Fundamentals and Technicals Paint A Bearish Picture for EUR/USD - Forex News by FX Leaders
The downtrend has resumed again on the weekly chart

Fundamentals and Technicals Paint A Bearish Picture for EUR/USD

Posted Saturday, February 15, 2020 by
Skerdian Meta • 3 min read

The sentiment improved in financial markets during the Q4 of 2019. The trade war rhetoric between US and China calmed down and they were heading towards a trade deal, which was reached in December, called Phase One deal and which helped improve the sentiment further. The general elections in the UK also helped improve the sentiment, since the UK finally took a direction, out of the EU, clearing a lot of uncertainty.

In recent weeks, the data for December has shown a decent improvement in Britain, especially in the service sector. So, the improved sentiment has been keeping risk assets, such as commodity dollars and stock markets bullish. EUR/USD has also been bullish, partly due to some USD weakness in December last year.

But, it seems like the situation has turned against this pair now. The major trend is bearish for EUR/USD, starting from  Q1 of 2018 as shown on the weekly chart above, but if you look at smaller time-frames such as the daily, the picture seemed pretty bullish during the last three months of last year, which made some traders think that the bearish trend might have changed.

But now, several weeks later and those hopes for a reversal have dissipated. EUR/USD failed to break above the 50 SMA on the weekly chart once again, forming a doji candlestick up there which is a reversing signal. EUR/USD reversed from there for the second time last year and it has been bearish since then, resuming the larger downtrend and making new lows. The previous low at 1.0880s was broken, which opens the door for 1.05 now. So, the technical picture looks pretty bearish for EUR/USD.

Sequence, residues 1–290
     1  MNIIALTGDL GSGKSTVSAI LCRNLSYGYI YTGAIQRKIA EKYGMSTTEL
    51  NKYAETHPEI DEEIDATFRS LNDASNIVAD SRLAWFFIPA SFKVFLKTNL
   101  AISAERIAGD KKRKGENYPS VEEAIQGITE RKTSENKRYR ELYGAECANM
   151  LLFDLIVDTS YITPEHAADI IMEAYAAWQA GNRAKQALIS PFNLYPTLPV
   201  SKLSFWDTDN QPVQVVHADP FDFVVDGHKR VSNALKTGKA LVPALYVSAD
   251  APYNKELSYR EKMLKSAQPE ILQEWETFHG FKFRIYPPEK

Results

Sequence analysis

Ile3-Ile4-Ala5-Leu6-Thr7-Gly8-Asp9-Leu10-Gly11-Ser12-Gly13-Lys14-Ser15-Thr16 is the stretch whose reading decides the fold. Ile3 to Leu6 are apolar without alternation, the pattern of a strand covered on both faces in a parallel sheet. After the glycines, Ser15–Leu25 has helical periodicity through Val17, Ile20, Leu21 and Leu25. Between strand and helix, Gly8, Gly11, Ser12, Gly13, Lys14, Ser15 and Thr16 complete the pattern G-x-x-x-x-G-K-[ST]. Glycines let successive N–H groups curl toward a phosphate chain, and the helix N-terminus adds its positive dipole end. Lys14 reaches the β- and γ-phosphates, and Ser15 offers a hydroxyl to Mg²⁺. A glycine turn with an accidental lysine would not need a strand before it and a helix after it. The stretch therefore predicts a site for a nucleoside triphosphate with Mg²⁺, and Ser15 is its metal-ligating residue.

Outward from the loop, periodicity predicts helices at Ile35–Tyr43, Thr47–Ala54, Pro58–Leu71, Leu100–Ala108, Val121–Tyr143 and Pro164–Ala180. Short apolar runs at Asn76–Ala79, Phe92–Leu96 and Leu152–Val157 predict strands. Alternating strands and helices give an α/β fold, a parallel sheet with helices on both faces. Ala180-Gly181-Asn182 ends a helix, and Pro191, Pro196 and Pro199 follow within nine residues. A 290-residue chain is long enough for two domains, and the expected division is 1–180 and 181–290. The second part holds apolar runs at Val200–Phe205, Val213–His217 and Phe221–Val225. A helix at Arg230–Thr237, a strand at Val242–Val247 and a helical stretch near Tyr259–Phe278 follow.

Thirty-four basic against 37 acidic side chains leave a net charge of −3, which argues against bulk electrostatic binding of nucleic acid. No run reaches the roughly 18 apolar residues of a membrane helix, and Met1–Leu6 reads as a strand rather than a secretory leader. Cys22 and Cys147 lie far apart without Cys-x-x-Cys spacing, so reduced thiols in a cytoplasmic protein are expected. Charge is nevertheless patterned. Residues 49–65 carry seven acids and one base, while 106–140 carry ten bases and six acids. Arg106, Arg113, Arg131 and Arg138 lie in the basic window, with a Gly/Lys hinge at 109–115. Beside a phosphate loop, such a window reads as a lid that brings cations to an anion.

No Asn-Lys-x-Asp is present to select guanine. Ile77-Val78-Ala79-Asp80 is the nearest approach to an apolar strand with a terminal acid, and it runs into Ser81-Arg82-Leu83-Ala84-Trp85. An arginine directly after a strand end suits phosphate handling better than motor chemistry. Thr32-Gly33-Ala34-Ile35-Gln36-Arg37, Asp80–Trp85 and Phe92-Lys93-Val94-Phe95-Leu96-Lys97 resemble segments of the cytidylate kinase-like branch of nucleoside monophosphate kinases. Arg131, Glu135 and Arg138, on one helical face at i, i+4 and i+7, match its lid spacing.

But things get worse, fundamentals also point down for this pair. The German GDP for Q4 of 2019 fell flat, while the Eurozone economy posted a minimal growth of 0.1%. Manufacturing has improved slightly in recent months, but it remains in deep recession and industrial production continues to decline, as do factory orders. Speaking on manufacturing, it should turn even softer, as the sentiment and the global economy slows down  due to coronavirus.

Eurozone GDP Released by Eurostat – 14 February 2020

  • Eurozone Q4 GDP second reading +0.1% vs +0.1% q/q prelim
  • GDP +0.9% vs +1.0% y/y prelim

German GDP Released by Destatis – 14 February 2020

  • Germany Q4 preliminary GDP 0.0% vs +0.1% q/q expected
  • Prior (Q3) +0.1%; revised to +0.2%
  • GDP non-seasonally adjusted +0.3% vs +0.2% y/y expected
  • Prior +1.0%; revised to +1.1%
  • GDP working day adjusted +0.4% vs +0.3% y/y expected
  • Prior +0.5%; revised to +0.6%

This brings us to the coronavirus epidemic. The virus is in full force in China and it has spread in other countries around the globe. Although it seems to be in control abroad, in China deaths  have gone above 1,5k and confirmed cases at 66k, with more than 11k people in critical condition, as the table below shows.

The Chinese economy in particular and the global economy in general, will be affected negatively from this virus for Q1. The virus seems hard to contain, so it will probably have a negative impact in Q2 as well. The global economy was already slowing last year, so this virus will probably bring back stagnation, or even recession. Safe havens such as Gold, the JOPY and the USD will likely benefit, while risk assets such as the com dolls and the Euro will fall.
Besides the virus, other issues might arise for the Euro. After concluding Phase One deal with China, US president Donald Trump will likely turn his attention to the EU and probably open another trade war front. We have heard him mention tariffs on European Auto imports, while tariffs on aircraft have increased already. So, the situation has turned bearish for the Euro and is expected to turn even more bearish in the coming months. Below is the announcement from the US Trade Representative.

United States Trade Representative announcement late Friday in the US

  • Increasing the duty imposed on European aircraft to 15 percent from 10 percent
  • Effective March 18

 

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